Please use this identifier to cite or link to this item:
|Title:||Human factor-designed multimodal intervention reduces the rate of unused peripheral intravenous cannula insertion.|
|Authors:||Egerton-Warburton, Diana;McAllan, Fern;Ramanan, Radha;Lim, Zheng Jie;Nagle, Daniel;Dendle, Claire;Stuart, Rhonda|
|Affiliation:||Monash Infectious Diseases, Monash Health, Melbourne, Victoria, Australia|
Emergency Department, Monash Health, Melbourne, Victoria, Australia
School of Clinical Sciences at Monash Health, Monash University, Melbourne, Victoria, Australia
Emergency Department, Royal Adelaide Hospital, Adelaide, South Australia, Australia
Faculty of Medicine, Monash University, Melbourne, Victoria, Australia
Department of Haematology, Austin Health, Heidelberg, Victoria, Australia
|Citation:||Emergency medicine Australasia : EMA 2018; online first: 12 September|
|Abstract:||Our objective was to examine the impact of a human factor-designed multimodal intervention on the proportion of unused peripheral i.v. cannula (PIVC) insertion in our ED. A pre- and post-multimodal intervention retrospective cohort study was conducted using a structured electronic medical record review within a single adult tertiary ED in Australia. Pre-intervention data was collected 30 days prior to the multimodal intervention, with 30 day post-intervention data collected 3 months after the intervention commenced. The rates of PIVC inserted, the unused rate and the unused but appropriately inserted cannulas were the main outcome measures. Intravenous cannula insertion rates decreased by 12.9% (95% confidence interval [CI] 12.19-13.61) between the pre-intervention (1413/4167 [33.9%]; 95% CI 32.5-35.4) and post-intervention cohort (928/4421 [21.0%]; 95% CI 19.8-22.2). An analysis of 754 cases (376 pre-intervention and 378 post-intervention) showed that 139 of 376 (37.0%; 95% CI 32.1-42.1) i.v. cannulas were unused pre-intervention, while 73 of 378 (19.3%; 95% CI 15.4-23.7) was unused post-intervention; an absolute reduction of 17.7% (95% CI 14.98-20.42). The relative risk of an unused i.v. cannula was 0.52 (95% CI 0.41-0.67). The proportion of unused but appropriately inserted i.v. cannulas remained unchanged in both cohorts, with a relative risk of 0.91 (95% CI 0.58-1.42). Our multimodal intervention successfully reduced the number of unused PIVCs inserted in the ED, with a reduction in overall and unused PIVC insertions without any change in appropriate insertions.|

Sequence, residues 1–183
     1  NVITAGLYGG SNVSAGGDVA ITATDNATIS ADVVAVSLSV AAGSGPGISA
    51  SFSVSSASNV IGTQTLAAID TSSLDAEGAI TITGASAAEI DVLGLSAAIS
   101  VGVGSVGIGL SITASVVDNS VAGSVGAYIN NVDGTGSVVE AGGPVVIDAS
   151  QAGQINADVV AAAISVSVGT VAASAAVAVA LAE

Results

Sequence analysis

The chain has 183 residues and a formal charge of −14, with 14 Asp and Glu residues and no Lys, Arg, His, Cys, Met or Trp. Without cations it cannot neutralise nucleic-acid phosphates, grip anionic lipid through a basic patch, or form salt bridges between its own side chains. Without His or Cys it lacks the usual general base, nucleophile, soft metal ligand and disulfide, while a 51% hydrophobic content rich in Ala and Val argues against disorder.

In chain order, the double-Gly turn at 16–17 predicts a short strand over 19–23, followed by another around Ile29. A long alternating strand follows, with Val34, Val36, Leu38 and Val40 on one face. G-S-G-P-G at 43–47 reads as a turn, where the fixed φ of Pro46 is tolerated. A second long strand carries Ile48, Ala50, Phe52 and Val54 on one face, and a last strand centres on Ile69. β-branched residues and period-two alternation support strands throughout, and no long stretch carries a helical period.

peripheral intravenous cannula
|Appears in Collections:||Journal articles|
Files in This Item:
There are no files associated with this item.
Items in AHRO are protected by copyright, with all rights reserved, unless otherwise indicated.